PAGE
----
Successful winter sale primes Trash to Treasure's main event in June

University Park, Pa. -- When students at Penn State's University Park file out of their residence halls at the end of the semester they certainly don’t cover their tracks. In fact, Penn State averages 190 tons of moving-out waste each year. The Trash to Treasure program is approaching a decade of success and is showing no signs of slowing down.

The Trash to Treasure sale is held each semester and sells back tons of student-donated items to raise money for the Centre County United Way. Since the program began in 2002, more than $375,000 has been raised with all proceeds going to the nonprofit organization. 

The Student United Way Trash to Treasure event on Feb. 6 sold more than 10 tons of donated items in Fisher Hall (East Halls), and raised $5,336. Over 100 people volunteered by sorting and pricing the donated materials in preparation for the event and on sale day.

“Trash to Treasure is an amazing event that depends largely on the volunteers who help plan and sort for the sale,” junior Student United Way co-coordinator Kayla Heck said. “It was great to see the support of Penn State, State College and the Centre County United Way come together to make for such a successful event.”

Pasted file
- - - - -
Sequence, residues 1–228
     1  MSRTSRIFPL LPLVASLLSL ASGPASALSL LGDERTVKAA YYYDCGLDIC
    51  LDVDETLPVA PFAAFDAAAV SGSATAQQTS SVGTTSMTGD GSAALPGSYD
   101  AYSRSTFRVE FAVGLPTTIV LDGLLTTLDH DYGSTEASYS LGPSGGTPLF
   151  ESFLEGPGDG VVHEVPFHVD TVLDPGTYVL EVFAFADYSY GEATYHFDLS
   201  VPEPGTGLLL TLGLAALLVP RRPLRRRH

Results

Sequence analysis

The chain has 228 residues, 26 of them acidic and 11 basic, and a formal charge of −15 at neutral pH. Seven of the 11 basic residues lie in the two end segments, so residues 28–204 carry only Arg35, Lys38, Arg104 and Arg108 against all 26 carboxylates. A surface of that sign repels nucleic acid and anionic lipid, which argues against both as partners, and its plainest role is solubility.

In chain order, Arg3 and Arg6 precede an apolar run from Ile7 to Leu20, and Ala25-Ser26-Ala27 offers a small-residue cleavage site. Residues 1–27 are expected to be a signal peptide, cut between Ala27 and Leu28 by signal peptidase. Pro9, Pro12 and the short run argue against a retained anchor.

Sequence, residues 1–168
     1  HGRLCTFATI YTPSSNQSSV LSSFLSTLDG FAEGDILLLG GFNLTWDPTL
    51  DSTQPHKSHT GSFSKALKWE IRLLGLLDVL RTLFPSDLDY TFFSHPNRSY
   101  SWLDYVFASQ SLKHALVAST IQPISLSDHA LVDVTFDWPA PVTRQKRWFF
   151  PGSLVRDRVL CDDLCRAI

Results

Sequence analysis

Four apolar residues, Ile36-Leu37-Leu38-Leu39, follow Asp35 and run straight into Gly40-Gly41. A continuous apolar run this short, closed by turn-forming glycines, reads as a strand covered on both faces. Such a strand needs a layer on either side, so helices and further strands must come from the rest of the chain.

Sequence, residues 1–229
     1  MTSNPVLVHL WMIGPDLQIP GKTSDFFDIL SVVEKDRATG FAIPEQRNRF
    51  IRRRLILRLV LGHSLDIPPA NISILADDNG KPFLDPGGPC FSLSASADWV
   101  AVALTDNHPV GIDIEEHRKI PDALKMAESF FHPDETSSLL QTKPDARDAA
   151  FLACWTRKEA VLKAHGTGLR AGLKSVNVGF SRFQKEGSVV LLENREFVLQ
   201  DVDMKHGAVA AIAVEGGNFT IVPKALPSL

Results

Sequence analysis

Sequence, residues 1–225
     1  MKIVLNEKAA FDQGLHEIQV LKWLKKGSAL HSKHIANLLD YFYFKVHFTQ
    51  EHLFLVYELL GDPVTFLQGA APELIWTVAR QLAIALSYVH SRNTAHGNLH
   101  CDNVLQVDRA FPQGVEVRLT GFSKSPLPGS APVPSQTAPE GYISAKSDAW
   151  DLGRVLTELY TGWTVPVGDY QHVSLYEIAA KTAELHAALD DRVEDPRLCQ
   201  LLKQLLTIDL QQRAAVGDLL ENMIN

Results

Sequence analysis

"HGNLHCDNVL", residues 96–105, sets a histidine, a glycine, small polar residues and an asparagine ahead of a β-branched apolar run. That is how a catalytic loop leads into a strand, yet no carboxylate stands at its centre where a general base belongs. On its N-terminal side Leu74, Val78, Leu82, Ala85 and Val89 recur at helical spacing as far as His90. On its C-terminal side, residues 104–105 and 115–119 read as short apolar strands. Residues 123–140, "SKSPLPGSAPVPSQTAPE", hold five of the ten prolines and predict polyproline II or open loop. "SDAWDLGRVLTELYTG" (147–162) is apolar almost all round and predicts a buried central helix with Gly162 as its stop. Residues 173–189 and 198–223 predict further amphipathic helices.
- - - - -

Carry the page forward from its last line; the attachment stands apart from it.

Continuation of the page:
Collections for the winter sale began in early December and students could donate items from their rooms using donation bins located around residence halls. By early February over 10 tons of sorted and priced clothes, furniture, electronics and even toys filled Fisher Hall.

Students and local residents weathered an early February snowstorm and made it to Fisher Hall to take advantage of the great prices on donated items. Remaining items were donated to various local charities or saved for the annual Trash to Treasure event on June 6 at Beaver Stadium.

Last year, the spring event brought in approximately 63 tons of items and raised more than $62,000, breaking it’s own record. This event requires over a month of sorting and thousands of volunteer hours. Those interested in volunteering can visit the Trash to Treasure volunteer page to learn how to be a part of this great town-gown event.

“It all couldn’t happen without time, talent and dedication; and the United Way is very thankful," Pam Long, communications director for the Centre County United Way, said. Shoppers can pay $5 for early bird admission at 7:30 a.m. or wait for free admission at 9 a.m. Doors will be open until 2 p.m.

For more information on the event or how to volunteer, visit the Trash to Treasure Web site.

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Last Updated November 18, 2010